A few years ago, I went on a trip to northern India to see the Dalai Lama. I traveled with a lawyer, a politician, a publicist, and a translator. One of the places we visited on the way up from Delhi was called Jalandhar — it's in the Punjab region and is home to a lot of sweatshops. While we were there, we met a bunch of kids who lived with no electricity but told us that, when they grew up, they all wanted to be computer scientists. So we whipped out our cameras and iPods — the closest things we had on hand to real computers — and showed them how technology works. We figured they would enjoy it, and thought it could be a valuable experience that would stay etched in their minds as something to aspire to as they continued their studies.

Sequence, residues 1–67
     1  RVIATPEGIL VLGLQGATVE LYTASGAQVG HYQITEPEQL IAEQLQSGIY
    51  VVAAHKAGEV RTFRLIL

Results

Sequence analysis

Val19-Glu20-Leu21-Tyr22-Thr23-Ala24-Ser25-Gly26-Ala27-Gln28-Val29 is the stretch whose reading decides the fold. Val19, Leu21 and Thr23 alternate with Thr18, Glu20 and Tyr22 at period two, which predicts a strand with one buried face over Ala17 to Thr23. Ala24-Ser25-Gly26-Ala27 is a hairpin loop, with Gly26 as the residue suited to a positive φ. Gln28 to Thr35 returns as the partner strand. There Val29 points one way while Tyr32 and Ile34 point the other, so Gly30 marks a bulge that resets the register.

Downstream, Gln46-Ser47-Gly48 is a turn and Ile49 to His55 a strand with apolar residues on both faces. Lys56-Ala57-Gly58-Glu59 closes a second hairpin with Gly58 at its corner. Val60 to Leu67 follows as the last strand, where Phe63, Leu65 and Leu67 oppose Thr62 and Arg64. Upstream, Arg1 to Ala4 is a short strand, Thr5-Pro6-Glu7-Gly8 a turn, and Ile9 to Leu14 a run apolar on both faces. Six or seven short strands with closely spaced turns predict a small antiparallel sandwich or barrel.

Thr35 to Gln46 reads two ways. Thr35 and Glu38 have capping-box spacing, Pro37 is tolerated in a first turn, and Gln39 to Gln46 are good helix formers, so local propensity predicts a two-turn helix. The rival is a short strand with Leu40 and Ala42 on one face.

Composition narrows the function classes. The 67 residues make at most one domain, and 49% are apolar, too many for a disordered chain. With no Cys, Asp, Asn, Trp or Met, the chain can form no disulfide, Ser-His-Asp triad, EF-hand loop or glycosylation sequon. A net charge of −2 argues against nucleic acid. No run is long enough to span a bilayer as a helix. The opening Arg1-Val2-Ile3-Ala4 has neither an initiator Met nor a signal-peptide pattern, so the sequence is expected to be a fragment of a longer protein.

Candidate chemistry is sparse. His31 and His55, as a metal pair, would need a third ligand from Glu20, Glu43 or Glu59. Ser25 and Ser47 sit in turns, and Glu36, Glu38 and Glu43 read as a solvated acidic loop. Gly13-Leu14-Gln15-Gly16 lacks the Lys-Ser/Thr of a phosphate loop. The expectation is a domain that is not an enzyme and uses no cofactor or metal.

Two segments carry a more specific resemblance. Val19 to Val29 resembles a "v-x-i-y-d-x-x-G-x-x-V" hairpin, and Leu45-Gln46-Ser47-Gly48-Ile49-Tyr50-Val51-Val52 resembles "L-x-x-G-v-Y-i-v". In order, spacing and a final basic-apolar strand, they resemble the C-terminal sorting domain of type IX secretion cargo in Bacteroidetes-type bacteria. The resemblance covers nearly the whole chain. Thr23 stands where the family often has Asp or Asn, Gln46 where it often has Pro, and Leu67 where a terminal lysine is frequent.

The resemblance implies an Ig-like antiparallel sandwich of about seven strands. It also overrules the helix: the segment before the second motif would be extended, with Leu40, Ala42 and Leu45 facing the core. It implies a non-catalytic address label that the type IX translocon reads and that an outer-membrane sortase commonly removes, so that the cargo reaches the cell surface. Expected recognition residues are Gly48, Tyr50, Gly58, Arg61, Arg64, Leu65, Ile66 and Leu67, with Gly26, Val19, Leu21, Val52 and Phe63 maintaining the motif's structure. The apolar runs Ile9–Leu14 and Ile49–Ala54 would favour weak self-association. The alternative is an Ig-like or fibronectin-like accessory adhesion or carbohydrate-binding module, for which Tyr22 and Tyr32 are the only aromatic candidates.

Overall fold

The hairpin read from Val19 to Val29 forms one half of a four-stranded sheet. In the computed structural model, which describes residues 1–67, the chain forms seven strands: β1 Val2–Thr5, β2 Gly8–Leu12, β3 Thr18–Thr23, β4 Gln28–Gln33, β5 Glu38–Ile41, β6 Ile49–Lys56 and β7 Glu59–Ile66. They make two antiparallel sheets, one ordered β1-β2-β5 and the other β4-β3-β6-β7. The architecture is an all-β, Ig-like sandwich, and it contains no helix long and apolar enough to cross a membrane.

Later, I found out that one of my travel mates thought what we had done was cruel. We had seduced these poor kids with luxuries they will probably never be able to afford, and sullied their pure, technology-free lives with the temptation of electronics.
So who's right? Did we ruin these kids for life or give them hopes for a better future? Does it not matter? Is there even a right answer to this question? What do you guys think?
Advisor is a column about how to juggle technology, relationships, and common sense. Got a story to tell? Email me at lisa [at] boingboing [dot] net.
On the left: a Colby Walkmac, “the first battery-operated Macintosh computer and first portable Mac with a LCD display.”
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